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4 of 4 people found the following review helpful
Creating its own sub-genre?
on 18 January 2014
This is a very intriguing mix, the story of what would have happened if Harry Potter hadn't realised he was a magician until he became a military helicopter pilot. This draws heavily on the X-Men mythos, with a society that hates and fears the Latents - humans who have developed magical powers such as necromancy, elemental manipulation and - in the case of our protagonist, Oscar Britten - 'portomancy' - the ability to travel anywhere on Earth, and between dimensions, at will. Stamping home the X-Men influence is the Magneto like character we meet halfway through the book, who considers Latents the next step of evolution, and wishes to enslave humankind.
But the author brings his own knowledge of military process to bear and a healthy imagination, giving us a dystopian US background, another dimension where Earth is at war with goblins and every other magical inhabitant, and a backstory of Native Americans fighting for secession with their own magical powers.
I think this book would appeal to Tom Clancy type readers, who want fast action, gritty heroes, and sexy ladies. For the typical fantasy reader, it may be a little on the 'action packed' side, a little two dimensional. The author does show fantastic confidence for a debut; clearly creating a large universe and background with plenty of potential for future sequels.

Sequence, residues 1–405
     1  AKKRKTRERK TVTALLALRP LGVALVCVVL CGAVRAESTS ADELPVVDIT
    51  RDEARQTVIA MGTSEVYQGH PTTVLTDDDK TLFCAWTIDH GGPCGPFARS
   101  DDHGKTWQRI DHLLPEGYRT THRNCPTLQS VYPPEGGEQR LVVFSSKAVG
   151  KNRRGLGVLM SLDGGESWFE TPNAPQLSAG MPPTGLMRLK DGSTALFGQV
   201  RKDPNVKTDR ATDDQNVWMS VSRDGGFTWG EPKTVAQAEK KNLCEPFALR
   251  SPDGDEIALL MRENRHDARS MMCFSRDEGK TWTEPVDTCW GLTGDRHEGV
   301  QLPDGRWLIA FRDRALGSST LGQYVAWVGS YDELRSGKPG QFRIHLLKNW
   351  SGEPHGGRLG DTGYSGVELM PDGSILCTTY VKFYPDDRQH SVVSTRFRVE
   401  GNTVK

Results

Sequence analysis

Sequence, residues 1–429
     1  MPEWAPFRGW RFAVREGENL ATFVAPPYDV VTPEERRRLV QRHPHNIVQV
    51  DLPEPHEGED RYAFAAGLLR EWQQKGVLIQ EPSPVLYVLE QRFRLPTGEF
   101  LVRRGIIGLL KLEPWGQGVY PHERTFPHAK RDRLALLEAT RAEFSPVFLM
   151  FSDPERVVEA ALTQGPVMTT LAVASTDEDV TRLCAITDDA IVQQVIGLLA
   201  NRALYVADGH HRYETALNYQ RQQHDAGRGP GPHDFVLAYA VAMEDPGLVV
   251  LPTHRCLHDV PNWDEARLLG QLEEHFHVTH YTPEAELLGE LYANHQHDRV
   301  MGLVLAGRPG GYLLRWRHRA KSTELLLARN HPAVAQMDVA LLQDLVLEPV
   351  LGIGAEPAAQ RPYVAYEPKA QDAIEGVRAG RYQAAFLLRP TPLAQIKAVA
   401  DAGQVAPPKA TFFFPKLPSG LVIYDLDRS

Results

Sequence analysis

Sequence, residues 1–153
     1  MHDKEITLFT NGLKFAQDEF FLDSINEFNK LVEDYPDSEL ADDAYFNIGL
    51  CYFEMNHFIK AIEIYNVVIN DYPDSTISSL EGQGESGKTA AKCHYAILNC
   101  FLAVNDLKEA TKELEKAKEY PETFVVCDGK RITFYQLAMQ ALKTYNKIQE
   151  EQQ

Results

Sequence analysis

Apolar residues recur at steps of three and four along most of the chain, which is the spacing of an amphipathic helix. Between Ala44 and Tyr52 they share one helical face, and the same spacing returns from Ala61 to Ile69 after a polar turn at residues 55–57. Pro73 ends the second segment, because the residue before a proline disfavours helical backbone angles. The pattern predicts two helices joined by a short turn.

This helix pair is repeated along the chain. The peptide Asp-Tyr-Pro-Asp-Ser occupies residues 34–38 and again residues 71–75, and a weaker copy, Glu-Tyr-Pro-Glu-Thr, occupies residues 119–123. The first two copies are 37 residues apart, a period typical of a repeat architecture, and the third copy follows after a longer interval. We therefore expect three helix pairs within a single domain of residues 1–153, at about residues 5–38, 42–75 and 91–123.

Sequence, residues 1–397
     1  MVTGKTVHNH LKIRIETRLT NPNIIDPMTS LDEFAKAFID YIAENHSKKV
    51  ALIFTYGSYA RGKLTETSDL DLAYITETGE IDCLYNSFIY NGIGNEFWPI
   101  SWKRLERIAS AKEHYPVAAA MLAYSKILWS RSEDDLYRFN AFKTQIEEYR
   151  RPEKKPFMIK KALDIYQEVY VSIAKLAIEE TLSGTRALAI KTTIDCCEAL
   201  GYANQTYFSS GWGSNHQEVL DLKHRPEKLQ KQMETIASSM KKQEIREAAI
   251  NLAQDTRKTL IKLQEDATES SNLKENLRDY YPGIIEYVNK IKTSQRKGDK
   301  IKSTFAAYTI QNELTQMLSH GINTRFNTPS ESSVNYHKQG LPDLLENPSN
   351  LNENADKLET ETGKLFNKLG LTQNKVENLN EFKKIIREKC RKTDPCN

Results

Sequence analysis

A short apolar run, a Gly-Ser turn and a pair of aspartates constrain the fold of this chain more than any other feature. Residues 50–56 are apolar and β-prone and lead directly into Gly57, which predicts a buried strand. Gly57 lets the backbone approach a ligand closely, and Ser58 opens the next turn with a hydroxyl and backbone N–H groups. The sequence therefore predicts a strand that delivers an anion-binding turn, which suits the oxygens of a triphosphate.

However my main bugbear was with the main character; much is made of the writer's military background, and yet his main character is a soldier who is completely incapable of following any order without questioning it, even before he develops his powers. Whilst I think this is done to emphasise Oscar's moral core (this is a US military we don't normally see in fiction, effectively enforcing a police state) I couldn't help but think Oscar would have been more likely to have been in the glasshouse than at the controls of a helicopter if this was his attitude to military discipline. I would rather have seen a gradual decline in his desire to follow orders. This also created a pretty repetitive narrative to the novel; Oscar gets orders, Oscar rebels, Oscar gets put in his place, repeat. This makes it feel like a very long time until we get to the heart of darkness. The other thing that irritates me is the seemingly uniform attitude to Latents. When Oscar manifests, he runs to his parents and then his best friend. If my best friend turned up at my door with 'mutant powers' I would think it was incredibly cool; everyone in this America immediately panics and calls the authorities, who they believe will *kill* their best friend / son, etc. That was a bit too much of a stretch of the imagination for me.